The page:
About Cozumel Island, Mexico
TO NEW WEB SITE
Cozumel Island is the largest island in the Republic of Mexico and is
one the world's top diving destinations. The island is about 53 km long and 15
km wide with a land mass of 490 square km. A 3,000 foot deep channel and 19 km
separates the island from the Yucatan Peninsula. With only 3% of the island
developed, the rest of the island is inhabited by numerous birds, iguanas and
other wildlife. National parks
occupy much of the land and shore. The interior is covered by marshy lagoons,
scrub, and dense jungle where Maya ruins
hide. On the windward or eastern side of the island, development is
nonexistent with the exception of a couple of small restaurants or bars
scattered along the beach. The east shore has both rocky areas and long
stretches of sand great for surfing and swimming. The leeward or west side
faces the mainland and is where development is concentrated. The water is
calm, ideal for
or scuba diving
at one of the many reefs
just off the coast.
Flora and Fauna
With majority of the island undeveloped and covered primarily with scrub and
dense jungle, Cozumel Island has a diverse population of tropical birds,
lizards, coati, deer and other wildlife. Bird watchers will not be disappointed
with the flocks of multicolored parrots, blue warblers , white egrets and macas.
The climate on Cozumel Island is typical of the Caribbean. The average annual temperature is 27 degrees Celsius. From November to May, temperatures are slightly lower at about 25 degree Celsius. The weather is breezy with low humidity. Daily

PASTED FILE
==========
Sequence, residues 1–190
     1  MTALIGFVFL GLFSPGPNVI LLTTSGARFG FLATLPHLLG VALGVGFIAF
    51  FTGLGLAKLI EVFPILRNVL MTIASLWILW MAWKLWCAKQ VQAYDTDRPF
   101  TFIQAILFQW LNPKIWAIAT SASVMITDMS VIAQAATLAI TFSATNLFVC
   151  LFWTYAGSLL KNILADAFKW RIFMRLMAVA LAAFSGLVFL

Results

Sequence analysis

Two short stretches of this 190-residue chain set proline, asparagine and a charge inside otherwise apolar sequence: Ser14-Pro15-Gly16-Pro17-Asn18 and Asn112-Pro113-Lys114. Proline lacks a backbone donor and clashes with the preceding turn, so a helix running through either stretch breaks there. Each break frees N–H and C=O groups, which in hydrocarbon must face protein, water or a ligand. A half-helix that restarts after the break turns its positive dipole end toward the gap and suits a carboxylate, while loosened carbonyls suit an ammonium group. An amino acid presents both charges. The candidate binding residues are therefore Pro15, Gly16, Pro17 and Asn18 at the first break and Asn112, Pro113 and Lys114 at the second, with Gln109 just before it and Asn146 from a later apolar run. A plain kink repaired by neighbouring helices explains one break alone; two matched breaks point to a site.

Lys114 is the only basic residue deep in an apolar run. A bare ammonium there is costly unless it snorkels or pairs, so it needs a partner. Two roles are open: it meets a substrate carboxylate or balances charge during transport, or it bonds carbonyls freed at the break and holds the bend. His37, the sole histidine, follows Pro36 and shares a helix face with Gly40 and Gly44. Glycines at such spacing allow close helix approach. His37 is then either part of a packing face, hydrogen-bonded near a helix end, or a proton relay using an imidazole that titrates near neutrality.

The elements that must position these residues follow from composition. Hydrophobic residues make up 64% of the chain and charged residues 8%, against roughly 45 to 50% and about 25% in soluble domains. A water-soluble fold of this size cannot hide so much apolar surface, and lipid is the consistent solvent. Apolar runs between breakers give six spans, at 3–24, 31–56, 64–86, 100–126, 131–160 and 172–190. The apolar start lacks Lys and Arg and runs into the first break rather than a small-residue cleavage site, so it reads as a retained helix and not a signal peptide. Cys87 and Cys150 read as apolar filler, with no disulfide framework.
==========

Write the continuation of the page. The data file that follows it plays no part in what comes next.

activities should not be hindered except during during heavy rains.
For details on current
weather conditions and forecasts, visit Cozumel's weather page.
This island was first inhabited by the Mayas (explore the Mayas
from Indigenous Peoples' Literature compiled by Glen Walker) . There is also a
theory that the Maya were not the first inhabitants of Cozumel Island but
distant cousins of the Maya who inhabited the continent of "Atlantis".
The Mayans were responsible for the conversion of the island into a major trade
center. During pre Hispanic times, Mesoamerican women traveled across the
channel to the island to honor the goddess of fertility, Ix Chel. Folk
tales claim every Mayan woman was required to make this trip.
In 1517, the arrival of Spanish slave trader Juan
De Grijalva was followed by Spaniard Hermán Cortés who used Cozumel Island as
a base to attack the mainland. Not too long after, two missionaries arrived to
convert the indigenous population. By 1570, the Spaniards were still not able to
colonize the island but those who were not massacred were decimated by disease.
Thereafter, the island was occupied by a small native and Spaniard population. During the 17th and 18th century, pirates used the island as a base and to hide their treasure. By 1843, the island was completely abandoned.
With the turn of the 20th century, the chewing
gum industry turned their attention to the large supply of zapote trees on the
island which led to the uncovering of Maya ruins. Then during the 1950's,
wealthy Mexicans used Cozumel island as a resort destination. By the 1960's,
explorer Jacques Cousteau opened the island to divers around the world and
today, Cozumel Island is one of the world's top diving and sun destinations.
Indigenous Peoples Literature for excellent detailed information and resources on Mexico and
other native peoples worldwide. This huge site is offered in several languages.
Money Matters & Exchange Rates
It's a good idea to exchange money at the airport when you arrive for the airport transport and tips. There is a money exchange booth at the airport but if you plan to arrive very early or late, it might be a good idea to exchange some money
before you arrive. Most hotels also offer exchange but their rates are usually not as good as if you exchanged money at a bank or one of the many exchange houses downtown.
Most restaurants and shops accept credit cards
and traveler's cheque. For restaurants, buying goods, & taxi fares it
is usually better to pay in pesos (Mexican currency). You will
receive a better rate this way. Most of the tours and scuba diving fees are
charged in US dollars.
For current exchange rates, visit The Universal Currency Converter.
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